We store your data up to the life of your account so you can go back even further. I can look at search terms that we're selling, especially this time of year, really relevant, what search terms were working last holiday season that I need to put some focus on the search terms that work during Q4 for my own products perform much differently than the rest of the year. Something like stocking stuffer for men is a search term I target that doesn't get any traffic the rest of the year, but I can go back and look at it and you can do that. What works. That
James Blatch: Search term stacking what?
Cameron Scott: Stocking stuffer for men.
James Blatch: Stocking. Stocking, yeah. Perfect. Yeah, yeah, yeah. Well funnily enough, I think authors find it the other way because we spend all year advertising our books and then suddenly get crowded out in November and everyone's, the cost per click goes up and everyone's sales efficiency of their ad campaign goes down, that's Facebook as well.
Cameron Scott: I think that makes sense. And I think that's probably the case for the majority of my products too. I have one bestseller, it makes up the majority of my revenue throughout the year, but it's a shirt for dad, so it, it's a very giftable shirt. So I end up doing really well this time of year and if it didn't do as well as it did and convert as well as it did, I wouldn't be able to advertise either paying a dollar $52, two 50 per click. You have to have a really high conversion rate to make that work. So for most of my products it just doesn't, but there's still cases, you can still get reach with lower impressions, which does happen as well. Yeah,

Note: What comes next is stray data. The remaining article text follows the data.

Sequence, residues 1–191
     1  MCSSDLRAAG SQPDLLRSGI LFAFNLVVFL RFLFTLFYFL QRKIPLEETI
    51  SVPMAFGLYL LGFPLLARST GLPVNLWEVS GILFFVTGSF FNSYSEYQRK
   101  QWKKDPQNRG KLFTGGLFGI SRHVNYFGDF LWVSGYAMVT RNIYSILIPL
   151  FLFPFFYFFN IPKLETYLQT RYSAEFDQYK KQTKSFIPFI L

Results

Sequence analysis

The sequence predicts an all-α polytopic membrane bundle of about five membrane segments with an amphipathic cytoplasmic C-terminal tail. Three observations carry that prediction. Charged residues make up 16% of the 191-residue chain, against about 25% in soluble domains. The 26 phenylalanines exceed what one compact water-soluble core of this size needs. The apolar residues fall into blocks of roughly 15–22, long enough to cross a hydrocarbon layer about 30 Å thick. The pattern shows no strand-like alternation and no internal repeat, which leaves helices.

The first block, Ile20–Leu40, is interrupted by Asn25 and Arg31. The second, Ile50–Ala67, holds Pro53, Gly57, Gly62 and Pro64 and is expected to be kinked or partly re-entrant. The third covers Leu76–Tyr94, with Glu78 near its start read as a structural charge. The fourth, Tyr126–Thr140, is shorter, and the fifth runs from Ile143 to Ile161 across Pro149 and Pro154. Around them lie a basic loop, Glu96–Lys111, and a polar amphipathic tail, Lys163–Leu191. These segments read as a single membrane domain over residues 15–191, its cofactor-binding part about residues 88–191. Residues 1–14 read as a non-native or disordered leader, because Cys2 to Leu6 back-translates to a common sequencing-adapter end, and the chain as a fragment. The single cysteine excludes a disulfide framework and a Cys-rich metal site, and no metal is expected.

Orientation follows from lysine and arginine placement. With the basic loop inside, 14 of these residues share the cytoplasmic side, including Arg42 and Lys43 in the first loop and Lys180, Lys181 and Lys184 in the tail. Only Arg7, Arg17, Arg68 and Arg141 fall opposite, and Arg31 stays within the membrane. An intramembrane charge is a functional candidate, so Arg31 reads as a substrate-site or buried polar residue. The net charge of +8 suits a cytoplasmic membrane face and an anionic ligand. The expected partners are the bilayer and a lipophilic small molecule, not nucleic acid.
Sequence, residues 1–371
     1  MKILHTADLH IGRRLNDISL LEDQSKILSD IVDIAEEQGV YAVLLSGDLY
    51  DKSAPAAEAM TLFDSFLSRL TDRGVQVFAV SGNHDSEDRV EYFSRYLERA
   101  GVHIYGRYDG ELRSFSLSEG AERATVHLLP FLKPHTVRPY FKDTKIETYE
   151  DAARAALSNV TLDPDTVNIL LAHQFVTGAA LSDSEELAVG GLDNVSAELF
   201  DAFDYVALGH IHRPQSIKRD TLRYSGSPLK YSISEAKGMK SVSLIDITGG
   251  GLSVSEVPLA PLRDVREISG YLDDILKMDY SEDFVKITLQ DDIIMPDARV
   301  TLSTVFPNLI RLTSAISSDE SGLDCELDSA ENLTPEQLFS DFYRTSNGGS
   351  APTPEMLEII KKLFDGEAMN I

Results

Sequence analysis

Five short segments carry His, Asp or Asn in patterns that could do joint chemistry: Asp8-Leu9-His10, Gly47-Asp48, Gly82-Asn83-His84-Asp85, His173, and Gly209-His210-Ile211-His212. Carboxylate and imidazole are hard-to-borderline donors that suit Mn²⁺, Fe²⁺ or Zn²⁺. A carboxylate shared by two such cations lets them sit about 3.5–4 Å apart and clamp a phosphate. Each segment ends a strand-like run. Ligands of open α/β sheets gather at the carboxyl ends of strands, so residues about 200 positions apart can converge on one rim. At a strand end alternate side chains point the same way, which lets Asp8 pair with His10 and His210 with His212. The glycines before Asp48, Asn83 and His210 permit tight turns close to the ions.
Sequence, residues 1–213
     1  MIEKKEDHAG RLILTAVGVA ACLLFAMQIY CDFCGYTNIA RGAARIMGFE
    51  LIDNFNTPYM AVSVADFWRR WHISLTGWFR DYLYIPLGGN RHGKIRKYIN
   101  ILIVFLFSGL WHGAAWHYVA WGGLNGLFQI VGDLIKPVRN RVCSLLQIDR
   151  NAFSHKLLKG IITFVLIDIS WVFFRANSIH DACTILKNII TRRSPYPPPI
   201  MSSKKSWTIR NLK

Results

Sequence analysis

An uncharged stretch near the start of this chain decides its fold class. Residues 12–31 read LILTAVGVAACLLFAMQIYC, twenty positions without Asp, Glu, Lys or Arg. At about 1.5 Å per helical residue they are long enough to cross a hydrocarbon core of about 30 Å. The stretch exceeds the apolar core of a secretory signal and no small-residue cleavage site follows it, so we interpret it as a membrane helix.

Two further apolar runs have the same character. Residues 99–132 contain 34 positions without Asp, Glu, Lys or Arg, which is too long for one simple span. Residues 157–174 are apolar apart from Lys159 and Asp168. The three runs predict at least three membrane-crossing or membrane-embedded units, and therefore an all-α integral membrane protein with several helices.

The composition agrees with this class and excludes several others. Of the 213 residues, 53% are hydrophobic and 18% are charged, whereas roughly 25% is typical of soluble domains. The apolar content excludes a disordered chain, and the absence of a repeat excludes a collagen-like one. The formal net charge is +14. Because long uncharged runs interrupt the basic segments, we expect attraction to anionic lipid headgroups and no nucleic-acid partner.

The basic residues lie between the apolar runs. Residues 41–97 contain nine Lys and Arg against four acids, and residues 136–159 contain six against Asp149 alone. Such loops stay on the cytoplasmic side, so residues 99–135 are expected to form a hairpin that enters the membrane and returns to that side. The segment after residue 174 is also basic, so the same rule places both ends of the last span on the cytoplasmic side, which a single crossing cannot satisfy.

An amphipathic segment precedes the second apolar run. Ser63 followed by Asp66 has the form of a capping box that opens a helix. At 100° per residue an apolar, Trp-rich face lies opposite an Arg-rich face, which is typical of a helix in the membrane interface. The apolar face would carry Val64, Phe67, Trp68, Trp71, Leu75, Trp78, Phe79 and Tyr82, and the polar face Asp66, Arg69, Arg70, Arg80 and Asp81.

James Blatch: So that's one of the main questions that will be people's minds now is your product is being built around other forms of merch,
but the book ecosystem does feel quite particular. How well does it lend itself to our world?
Cameron Scott: So we have developed some things with KDP. I think that just first off, there's a lot more we can do. So we met at the 20 Books Vegas conference, and the reason I even went to that was because we noticed about a quarter of our users are using KDP and I wanted to learn more about how we could support them. We already bring in metrics like KENP, the estimated royalties that can be used within our different automation functions. So there is that, but I think there's more we could do definitely. And we've had a tonne of ideas just since the last few weeks takes time to develop those. Of course, I think some of the biggest issues is with attribution. I think that's a really big issue, especially with the page reads. So that's a very unique issue with KDP. Maybe it's not an issue feature where no other product really has that.